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Page 45

BOOK I

who are their equals. For, suppose a state to be composed entirely of good men; there would then be a contest to avoid office,just as now there is a struggle to attain it; and in such a state it would become evident that really it is not the nature of the true ruler to look after his own interest, but that of his subjects; so that every man of intelligence would choose to receive benefits rather than to have the trouble of conferring benefits upon others. This, therefore, I will never concede to Thrasymachus, that justice is the interest of the stronger. But this point we will examine particularly at some other time; but I attach far more importance to the last statement of Thrasymachus, when he asserts that the life of the unjust man is better than that of the just. Which side do you take, Glaucon, and which do you consider the truer statement?"
" I for my part hold," said Glaucon, "that the life of the just is more profitable."
" Did you hear," said I, "how many advantages Thrasymachus just now attributed to the life of the unjust?"
" I heard," he answered,"but I am not convinced."
" Shall we persuade him, then, if we can discover any means of doing so, that what he says is not true ?"
" Most assuredly," he replied.
" If, then," said I, "we speak, matching argument with argument against him, showing how many advantages there are in being just, and he in turn shall speak, and we reply with another argument, it will be necessary to enumerate and measure the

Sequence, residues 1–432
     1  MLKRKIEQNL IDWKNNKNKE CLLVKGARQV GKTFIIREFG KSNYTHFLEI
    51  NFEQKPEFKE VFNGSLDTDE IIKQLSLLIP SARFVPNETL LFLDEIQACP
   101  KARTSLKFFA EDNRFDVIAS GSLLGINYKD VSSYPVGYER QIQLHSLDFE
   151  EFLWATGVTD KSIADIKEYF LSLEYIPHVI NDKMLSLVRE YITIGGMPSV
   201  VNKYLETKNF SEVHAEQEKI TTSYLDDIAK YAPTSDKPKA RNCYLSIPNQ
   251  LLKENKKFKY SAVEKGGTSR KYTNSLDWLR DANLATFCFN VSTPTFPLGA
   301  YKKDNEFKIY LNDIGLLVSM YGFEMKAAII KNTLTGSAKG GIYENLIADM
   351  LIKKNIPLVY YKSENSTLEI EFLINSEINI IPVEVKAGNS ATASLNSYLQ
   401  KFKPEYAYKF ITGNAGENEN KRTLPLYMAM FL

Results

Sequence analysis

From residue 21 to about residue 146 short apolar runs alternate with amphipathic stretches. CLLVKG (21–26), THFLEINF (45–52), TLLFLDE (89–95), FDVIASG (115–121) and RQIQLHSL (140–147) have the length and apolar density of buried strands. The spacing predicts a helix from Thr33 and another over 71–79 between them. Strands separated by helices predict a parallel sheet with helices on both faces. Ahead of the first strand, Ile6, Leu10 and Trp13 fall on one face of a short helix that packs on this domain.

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where is HTML where is HEAD where is TITLE who are their equals. For, suppose a state to be composed entirely of good men; there would then be a contest to avoid office,just as now there is a struggle to attain it; and in such a state it would become evident that really it is not what is nature of what is true ruler to look after his own interest, but that of his subjects; so that every man of intelligence would choose to receive benefits rather than to have what is trouble of conferring benefits upon others. This, therefore, I will never concede to Thrasymachus, that justice is what is interest of what is stronger. But this point we will examine particularly at some other time; but I attach far more importance to what is last statement of Thrasymachus, when he asserts that what is life of what is unjust man is better than that of what is just. Which side do you take, Glaucon, and which do you consider what is truer statement?" " I for my part hold," said Glaucon, "that what is life of what is just is more profitable." " Did you hear," said I, "how many advantages Thrasymachus just now attributed to what is life of what is unjust?" " I heard," he answered,"but I am not convinced." " Shall we persuade him, then, if we can discover any means of doing so, that what he says is not true ?" " Most assuredly," he replied. " If, then," said I, "we speak, matching argument with argument against him, showing how many advantages there are in being just, and he in turn shall speak, and we reply with another argument, it will be necessary to enumerate and measure what is where is meta name="keywords" content="old books, Free book , free book offer , free audio books , free coloring book pages , free book reports , free audio book , audio books free download , book free , free guest book , books free , free book summaries , download free audio books , free childrens books." where is where are they now rel="stylesheet" type="text/css" href="../../style.css" where is meta http-equiv="Content-Type" content="text/html; charset=iso-8859-1" where is BODY bgColor=#ffffff text="#000000" where are they now ="#000000" v where are they now ="#FF0000" where is div align="center" where is strong where is strong where is a href="http://www.aaoldbooks.com" Books > where is a href="../default.asp" title="Book" Old Books > where is strong where is a href="default.asp" The Republic Of Plato (1901) where is table width="700" border="1" align="center" cellpadding="15" cellspacing="0" where is center where is tr where is td width="160" align="center" valign="top" where is div align="center" where is td align="center" valign="top" where is div align="left" where is div align="center" where is p align="left" Page 45 where is strong BOOK I where is p align="justify" who are their equals. For, suppose a state to be composed entirely of good men; there would then be a contest to avoid office,just as now there is a struggle to attain it; and in such a state it would become evident that really it is not the nature of what is true ruler to look after his own interest, but that of his subjects; so that every man of intelligence would choose to receive benefits rather than to have what is trouble of conferring benefits upon others. This, therefore, I will never concede to Thrasymachus, that justice is what is interest of what is stronger. But this point we will examine particularly at some other time; but I attach far more importance to what is last statement of Thrasymachus, when he asserts that what is life of what is unjust man is better than that of what is just. Which side do you take, Glaucon, and which do you consider what is truer statement?" " I for my part hold," said Glaucon, "that what is life of what is just is more profitable." " Did you hear," said I, "how many advantages Thrasymachus just now attributed to what is life of what is unjust?" " I heard," he answered,"but I am not convinced." " Shall we persuade him, then, if we can discover any means of doing so, that what he says is not true ?" " Most assuredly," he replied. " If, then," said I, "we speak, matching argument with argument against him, showing how many advantages there are in being just, and he in turn shall speak, and we reply with another argument, it will be necessary to enumerate and measure what is where is Server.Execute("_SiteMap.asp") %